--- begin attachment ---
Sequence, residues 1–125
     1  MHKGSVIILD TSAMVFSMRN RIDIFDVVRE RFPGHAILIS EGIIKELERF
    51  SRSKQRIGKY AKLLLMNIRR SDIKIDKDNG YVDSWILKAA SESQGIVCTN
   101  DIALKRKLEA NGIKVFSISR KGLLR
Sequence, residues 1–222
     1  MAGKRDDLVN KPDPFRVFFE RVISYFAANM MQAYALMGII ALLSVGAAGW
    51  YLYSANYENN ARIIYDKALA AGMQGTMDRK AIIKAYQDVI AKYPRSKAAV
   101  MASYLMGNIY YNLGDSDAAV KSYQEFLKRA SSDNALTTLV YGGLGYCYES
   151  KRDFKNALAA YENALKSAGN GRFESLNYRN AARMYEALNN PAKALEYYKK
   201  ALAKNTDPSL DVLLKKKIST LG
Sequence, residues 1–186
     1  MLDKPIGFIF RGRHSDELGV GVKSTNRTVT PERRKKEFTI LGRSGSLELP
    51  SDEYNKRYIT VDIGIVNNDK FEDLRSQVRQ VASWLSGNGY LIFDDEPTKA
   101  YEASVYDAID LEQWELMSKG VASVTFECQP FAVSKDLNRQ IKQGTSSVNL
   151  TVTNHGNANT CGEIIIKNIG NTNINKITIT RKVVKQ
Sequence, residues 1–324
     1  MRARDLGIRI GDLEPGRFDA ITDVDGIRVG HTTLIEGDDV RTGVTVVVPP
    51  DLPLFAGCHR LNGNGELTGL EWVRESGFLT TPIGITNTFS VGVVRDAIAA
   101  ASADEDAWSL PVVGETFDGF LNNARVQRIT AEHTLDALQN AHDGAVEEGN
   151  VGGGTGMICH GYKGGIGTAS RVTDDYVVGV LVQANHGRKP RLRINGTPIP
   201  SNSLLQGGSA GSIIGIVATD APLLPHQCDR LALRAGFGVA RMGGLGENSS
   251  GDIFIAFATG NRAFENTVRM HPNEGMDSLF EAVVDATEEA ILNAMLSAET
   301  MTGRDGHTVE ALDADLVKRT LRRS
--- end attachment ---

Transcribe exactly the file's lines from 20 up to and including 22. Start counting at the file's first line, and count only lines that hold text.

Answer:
   151  VGGGTGMICH GYKGGIGTAS RVTDDYVVGV LVQANHGRKP RLRINGTPIP
   201  SNSLLQGGSA GSIIGIVATD APLLPHQCDR LALRAGFGVA RMGGLGENSS
   251  GDIFIAFATG NRAFENTVRM HPNEGMDSLF EAVVDATEEA ILNAMLSAET